#486456 Binita Kane
Final year respiratory SpR and HENW Leadership Fellow
University Hospital of South Manchester

Thank you for this blog Vijaya. It’s time to change perceptions. I am a mother of two daughters and when asked previously, have always said that I would discourage them from doing medicine. ‘It’s too hard as a woman’ I have found myself saying. This has been based on my experiences of trying to balance a passion for medicine and being fiercely ambitious, with motherhood. I have experienced the stigma of working part-time and the guilt of working full-time. It has taken me 9 years instead of 5 to complete my specialty trainee, doing night-shifts with small children at home is really hard. However with incredible support from my husband, Deanery, Consultants and Organisations I have worked in, I have somehow made it. The right people have encouraged me at the right time and since attending the Advancing Women Summit I have reflected on my views about my daughters.
It’s time for change. There needs to be cultural change at national level (within government, NHSE, and medical training) and at organisational level, adapting the workplace to working mothers. It should be the social norm for women to have a family and progress their career in the same way as anyone else instead of women ‘sacrificing’ their career choices. We need to change the mindset of men to champion this cause and for them mentor women who have the potential to be leaders. A culture change also needed amongst women, we need to change the language we use and stop accepting the status quo (as described I have been guilty of this). Finally we need our junior doctors to be the driving force behind these changes. Organisations need to support this cause, but it is individuals who will ultimately make the difference.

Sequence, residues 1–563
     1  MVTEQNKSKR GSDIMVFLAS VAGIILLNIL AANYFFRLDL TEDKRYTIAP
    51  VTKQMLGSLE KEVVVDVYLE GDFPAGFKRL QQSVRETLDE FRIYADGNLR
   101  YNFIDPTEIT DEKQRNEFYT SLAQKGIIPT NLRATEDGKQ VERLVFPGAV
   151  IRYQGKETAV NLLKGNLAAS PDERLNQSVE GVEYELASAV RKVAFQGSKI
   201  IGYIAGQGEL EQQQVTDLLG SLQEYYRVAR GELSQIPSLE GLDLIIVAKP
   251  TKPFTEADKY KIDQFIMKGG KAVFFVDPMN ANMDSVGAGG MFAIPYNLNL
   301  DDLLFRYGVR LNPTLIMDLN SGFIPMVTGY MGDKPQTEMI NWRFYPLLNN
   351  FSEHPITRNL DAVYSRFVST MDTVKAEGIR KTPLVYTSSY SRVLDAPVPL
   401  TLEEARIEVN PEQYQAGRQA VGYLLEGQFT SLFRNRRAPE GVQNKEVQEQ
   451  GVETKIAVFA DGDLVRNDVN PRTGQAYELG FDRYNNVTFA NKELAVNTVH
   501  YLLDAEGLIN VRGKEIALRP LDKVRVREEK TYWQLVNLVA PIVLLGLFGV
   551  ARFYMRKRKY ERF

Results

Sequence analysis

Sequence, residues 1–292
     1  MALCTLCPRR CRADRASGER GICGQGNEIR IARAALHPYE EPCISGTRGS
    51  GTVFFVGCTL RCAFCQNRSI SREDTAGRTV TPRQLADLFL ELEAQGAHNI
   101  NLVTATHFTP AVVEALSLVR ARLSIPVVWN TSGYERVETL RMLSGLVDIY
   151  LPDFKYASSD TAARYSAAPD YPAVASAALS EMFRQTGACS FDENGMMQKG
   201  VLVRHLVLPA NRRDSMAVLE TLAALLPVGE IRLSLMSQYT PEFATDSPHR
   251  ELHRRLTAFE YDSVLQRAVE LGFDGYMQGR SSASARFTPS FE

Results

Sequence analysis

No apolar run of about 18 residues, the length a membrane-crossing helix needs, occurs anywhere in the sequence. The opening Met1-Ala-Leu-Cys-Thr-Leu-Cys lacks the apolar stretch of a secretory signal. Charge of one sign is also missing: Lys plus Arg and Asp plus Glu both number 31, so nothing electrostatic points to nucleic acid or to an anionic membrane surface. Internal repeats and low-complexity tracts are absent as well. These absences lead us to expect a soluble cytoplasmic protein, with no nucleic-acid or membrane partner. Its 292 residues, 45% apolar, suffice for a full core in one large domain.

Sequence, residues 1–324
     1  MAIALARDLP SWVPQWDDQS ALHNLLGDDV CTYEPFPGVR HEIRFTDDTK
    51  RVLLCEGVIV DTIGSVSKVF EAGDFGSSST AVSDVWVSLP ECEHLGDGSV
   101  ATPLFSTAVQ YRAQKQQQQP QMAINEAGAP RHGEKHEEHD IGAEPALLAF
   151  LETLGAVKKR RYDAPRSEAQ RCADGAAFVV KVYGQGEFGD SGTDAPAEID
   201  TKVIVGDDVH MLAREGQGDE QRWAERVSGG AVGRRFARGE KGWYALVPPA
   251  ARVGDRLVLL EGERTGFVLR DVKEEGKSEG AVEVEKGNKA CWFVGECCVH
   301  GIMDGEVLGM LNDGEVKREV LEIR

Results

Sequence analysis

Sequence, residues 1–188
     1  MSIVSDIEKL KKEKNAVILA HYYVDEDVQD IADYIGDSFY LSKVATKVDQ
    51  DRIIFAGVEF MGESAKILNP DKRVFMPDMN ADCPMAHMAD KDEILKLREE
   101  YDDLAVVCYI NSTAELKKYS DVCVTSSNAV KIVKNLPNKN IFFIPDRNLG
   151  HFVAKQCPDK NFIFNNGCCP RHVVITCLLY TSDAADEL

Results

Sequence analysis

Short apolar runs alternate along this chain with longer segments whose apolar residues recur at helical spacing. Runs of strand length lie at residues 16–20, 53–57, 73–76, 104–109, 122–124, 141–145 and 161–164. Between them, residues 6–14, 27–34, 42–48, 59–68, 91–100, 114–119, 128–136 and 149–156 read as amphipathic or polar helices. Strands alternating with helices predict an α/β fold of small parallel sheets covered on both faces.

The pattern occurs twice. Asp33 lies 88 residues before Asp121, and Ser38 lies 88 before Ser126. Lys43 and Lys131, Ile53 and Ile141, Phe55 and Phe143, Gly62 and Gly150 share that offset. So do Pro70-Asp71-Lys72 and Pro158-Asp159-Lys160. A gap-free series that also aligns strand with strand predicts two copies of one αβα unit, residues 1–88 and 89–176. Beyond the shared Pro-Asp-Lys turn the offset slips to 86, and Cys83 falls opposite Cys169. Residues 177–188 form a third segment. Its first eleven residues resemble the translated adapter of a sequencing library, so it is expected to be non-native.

#486505 Vijaya Nath
Assistant Director
The King's Fund

Binita , it was good to hear at Summit that you and many of the next generation of Drs are role modelling the change we all want to see.
Making sure that Women in Medicine (as in all walks of life ) achieve their potential , whatever form that takes .
We look forward to continuing to support all your successes in whatever way we can at The King's Fund. Together with all the organisations we collaborated with , our commitment to advancing Women in Medicine will continue .

#487485 Jill Parnham
Operations Director
Royal College of Physicians

Well done 'The Kings Fund' for hosting such an inspirational day. 'Thank you' Vijaya for your vision, drive and enthusiasm, a shining example to us all.

The 'Advancing women in medicine' summit brought a wealth of fabulous speakers and expertise together with multiple resources and knowledge. Pledges were made and follow up is pending, but with many potential thoughts and ideas for good practices, what are the next steps to ensure that healthcare structures and networks collaborate to ensure advancement for women who have worked hard and deserve it?